Qantas, Australia and New Zealand Banking Group and Suncorp-Metway yesterday said they were keeping a close watch on the situation, but had no immediate intention of following NAB's lead in suspending work with troubled IT outsourcer Satyam.
Local confidence in troubled Indian outsourcer Satyam hit a new low yesterday after the National Australia Bank (NAB) confirmed it would suspend future work with the company.
NAB, Qantas and insurance and banking giant Suncorp have monitored Satyam closely, following chairman B Ramalinga Raju's admission in January that he had inflated the company's earnings and assets by $US1 billion.
A spokesperson for Suncorp said it would not follow NAB's lead in suspending work being completed by Satyam. It contracted Satyam to build its customer analytics platform in 2007. "We are assessing that relationship," the spokesperson said.
Satyam had been fulfilling its obligations "to specification" and had continued to maintain services satisfactorily, he said.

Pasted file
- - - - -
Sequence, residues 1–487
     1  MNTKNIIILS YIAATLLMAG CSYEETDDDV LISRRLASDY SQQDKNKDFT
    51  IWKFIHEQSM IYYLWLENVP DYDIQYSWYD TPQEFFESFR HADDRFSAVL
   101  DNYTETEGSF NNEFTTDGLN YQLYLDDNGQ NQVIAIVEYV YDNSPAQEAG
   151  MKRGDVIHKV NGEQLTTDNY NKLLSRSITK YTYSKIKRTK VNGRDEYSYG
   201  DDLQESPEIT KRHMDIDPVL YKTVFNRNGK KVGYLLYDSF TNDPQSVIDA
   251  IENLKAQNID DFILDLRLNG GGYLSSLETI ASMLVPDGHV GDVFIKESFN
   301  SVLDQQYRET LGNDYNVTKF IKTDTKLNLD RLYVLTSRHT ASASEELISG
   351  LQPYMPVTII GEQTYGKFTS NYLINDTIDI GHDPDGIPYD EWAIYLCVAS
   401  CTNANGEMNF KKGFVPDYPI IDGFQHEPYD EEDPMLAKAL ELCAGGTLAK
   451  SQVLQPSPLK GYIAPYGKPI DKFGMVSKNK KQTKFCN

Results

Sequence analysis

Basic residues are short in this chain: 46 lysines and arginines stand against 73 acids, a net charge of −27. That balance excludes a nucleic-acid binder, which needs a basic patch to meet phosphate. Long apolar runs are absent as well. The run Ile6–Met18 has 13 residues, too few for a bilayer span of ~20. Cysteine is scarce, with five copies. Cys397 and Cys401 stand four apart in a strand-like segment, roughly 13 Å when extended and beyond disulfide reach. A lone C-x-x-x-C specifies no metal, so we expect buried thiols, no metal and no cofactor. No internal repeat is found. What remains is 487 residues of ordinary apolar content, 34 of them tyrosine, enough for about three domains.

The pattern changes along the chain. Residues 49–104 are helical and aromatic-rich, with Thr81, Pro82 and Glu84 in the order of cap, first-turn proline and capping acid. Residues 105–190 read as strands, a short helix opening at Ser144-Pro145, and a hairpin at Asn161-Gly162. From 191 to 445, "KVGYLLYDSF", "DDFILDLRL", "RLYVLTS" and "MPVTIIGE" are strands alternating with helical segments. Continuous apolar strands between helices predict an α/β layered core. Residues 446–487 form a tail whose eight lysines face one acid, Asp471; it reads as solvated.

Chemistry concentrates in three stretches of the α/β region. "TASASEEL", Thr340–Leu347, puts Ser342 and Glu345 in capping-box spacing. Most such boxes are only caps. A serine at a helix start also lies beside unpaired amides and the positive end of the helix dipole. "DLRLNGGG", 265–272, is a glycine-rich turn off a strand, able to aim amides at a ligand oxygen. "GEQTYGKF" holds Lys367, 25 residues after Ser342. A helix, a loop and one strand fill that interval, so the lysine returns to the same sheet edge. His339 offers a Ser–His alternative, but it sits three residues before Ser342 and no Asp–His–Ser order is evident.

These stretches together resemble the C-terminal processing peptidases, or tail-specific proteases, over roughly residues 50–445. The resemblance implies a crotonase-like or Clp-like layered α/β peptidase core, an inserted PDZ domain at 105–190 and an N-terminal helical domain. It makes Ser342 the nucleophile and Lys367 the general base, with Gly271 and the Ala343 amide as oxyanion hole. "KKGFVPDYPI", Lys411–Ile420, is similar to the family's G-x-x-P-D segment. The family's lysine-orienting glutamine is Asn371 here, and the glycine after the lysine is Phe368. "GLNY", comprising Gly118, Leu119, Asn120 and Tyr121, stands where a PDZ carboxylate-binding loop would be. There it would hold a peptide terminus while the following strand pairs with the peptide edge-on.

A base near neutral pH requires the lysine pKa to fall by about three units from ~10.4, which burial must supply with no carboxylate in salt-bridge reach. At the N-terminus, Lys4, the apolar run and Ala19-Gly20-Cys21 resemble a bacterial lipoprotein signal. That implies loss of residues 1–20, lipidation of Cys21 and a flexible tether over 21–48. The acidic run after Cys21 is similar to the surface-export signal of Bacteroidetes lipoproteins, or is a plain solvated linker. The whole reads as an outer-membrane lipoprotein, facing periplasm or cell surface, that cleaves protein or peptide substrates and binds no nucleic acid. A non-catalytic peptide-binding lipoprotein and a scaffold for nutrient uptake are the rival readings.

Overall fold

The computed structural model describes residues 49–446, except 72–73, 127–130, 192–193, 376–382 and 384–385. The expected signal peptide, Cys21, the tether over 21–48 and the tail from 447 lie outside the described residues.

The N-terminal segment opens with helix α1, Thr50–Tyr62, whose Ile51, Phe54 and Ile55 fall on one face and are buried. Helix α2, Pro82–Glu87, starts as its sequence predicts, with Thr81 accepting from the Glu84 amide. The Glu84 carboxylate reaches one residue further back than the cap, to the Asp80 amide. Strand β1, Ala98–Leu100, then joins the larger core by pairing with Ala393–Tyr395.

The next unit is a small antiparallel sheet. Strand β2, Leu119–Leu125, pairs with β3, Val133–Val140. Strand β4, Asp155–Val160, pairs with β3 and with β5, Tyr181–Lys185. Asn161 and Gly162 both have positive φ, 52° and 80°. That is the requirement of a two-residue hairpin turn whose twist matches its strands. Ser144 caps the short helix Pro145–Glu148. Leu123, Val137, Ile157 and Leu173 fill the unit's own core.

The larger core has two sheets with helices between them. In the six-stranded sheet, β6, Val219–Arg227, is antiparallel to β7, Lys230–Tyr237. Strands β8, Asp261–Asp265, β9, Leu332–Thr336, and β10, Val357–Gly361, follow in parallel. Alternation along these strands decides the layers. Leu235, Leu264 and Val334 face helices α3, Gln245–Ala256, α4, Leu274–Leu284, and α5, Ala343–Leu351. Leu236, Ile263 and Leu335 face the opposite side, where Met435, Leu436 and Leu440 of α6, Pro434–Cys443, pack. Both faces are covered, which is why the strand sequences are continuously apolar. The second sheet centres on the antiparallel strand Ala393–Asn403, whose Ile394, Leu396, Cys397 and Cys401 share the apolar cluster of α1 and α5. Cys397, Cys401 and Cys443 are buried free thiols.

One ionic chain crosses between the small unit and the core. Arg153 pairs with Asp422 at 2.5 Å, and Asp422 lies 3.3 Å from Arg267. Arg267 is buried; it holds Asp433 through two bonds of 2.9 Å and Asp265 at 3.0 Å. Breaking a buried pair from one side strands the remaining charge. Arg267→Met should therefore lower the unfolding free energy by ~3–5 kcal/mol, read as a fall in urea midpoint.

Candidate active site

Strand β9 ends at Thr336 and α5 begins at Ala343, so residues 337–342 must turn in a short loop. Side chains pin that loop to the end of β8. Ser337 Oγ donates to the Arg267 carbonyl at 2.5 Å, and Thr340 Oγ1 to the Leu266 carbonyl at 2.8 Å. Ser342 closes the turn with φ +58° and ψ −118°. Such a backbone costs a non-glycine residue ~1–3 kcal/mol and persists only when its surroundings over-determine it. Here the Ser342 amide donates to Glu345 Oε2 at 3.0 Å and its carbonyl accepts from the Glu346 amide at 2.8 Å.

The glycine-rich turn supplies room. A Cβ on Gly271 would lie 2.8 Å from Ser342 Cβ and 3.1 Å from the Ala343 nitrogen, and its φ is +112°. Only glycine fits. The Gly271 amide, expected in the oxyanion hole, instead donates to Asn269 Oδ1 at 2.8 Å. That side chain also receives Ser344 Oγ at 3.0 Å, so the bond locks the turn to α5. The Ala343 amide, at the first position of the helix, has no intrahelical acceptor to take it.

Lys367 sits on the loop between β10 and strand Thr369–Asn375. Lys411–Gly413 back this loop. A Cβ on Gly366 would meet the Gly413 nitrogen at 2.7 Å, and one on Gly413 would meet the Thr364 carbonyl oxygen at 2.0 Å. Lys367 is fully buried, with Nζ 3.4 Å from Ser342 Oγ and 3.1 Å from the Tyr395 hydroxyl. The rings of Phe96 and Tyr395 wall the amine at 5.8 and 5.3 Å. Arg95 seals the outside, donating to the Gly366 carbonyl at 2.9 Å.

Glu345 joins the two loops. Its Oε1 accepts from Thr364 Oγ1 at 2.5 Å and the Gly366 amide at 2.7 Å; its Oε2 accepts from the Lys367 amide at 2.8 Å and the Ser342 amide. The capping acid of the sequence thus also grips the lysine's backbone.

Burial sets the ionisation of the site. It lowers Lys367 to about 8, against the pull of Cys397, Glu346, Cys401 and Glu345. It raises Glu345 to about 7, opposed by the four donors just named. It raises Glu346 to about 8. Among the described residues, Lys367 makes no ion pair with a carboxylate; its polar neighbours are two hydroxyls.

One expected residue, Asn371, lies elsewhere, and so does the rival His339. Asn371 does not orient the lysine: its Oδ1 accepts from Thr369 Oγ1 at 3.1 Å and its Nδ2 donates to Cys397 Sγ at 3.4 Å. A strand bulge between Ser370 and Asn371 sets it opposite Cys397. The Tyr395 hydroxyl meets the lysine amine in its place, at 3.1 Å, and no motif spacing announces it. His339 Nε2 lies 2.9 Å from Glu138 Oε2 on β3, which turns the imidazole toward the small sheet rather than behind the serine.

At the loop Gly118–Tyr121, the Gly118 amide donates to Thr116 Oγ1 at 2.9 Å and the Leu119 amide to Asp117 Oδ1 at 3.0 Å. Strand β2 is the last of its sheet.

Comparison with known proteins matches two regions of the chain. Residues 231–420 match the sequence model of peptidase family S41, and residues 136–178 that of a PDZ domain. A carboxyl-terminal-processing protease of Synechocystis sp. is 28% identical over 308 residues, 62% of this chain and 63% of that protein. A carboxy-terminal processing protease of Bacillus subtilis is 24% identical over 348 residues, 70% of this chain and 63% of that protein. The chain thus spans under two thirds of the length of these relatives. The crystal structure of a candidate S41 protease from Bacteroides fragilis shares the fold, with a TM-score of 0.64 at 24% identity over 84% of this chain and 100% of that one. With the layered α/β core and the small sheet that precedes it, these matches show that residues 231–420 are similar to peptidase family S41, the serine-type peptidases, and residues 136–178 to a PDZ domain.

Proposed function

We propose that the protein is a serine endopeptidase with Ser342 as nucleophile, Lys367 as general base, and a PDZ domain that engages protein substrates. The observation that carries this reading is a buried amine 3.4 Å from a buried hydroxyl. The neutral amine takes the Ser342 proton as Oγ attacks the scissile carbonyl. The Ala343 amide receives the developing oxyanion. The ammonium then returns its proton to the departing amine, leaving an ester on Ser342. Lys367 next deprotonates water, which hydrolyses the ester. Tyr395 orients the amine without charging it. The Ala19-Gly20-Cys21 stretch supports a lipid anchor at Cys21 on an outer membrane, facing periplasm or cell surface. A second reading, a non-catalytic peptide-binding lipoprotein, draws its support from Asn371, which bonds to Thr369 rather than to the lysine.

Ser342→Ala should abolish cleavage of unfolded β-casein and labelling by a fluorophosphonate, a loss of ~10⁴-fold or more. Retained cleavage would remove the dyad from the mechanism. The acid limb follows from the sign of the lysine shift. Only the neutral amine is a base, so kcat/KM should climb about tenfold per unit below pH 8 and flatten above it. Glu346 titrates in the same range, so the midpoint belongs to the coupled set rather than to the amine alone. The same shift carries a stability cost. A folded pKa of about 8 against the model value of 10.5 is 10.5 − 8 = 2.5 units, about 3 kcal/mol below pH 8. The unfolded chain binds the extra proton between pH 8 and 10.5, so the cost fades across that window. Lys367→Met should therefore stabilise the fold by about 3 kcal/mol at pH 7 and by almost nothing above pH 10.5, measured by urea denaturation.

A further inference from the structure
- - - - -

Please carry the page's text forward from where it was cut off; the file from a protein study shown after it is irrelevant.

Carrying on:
Qantas yesterday reiterated the position held by its internal team monitoring the Satyam "situation". "At this stage Qantas assesses any risks to business as manageable," the Qantas spokesperson said.
Satyam still has five years left with Qantas from a seven-year deal signed in 2006.
Like NAB, Qantas also uses another Indian outsourcer for its offshore technology operations. The airline handed seven-year contracts worth $120 million and $71 million to Tata Consultancy Services and Satyam Computer Services respectively.
"In the event that Satyam is unable to continue services, Qantas has the ability to activate alternative internal and external arrangements to enable the continuation of seamless services," the spokesperson said.
ANZ spokespeople said it had a "modest" relationship with Satyam that supports development and testing on information technology projects.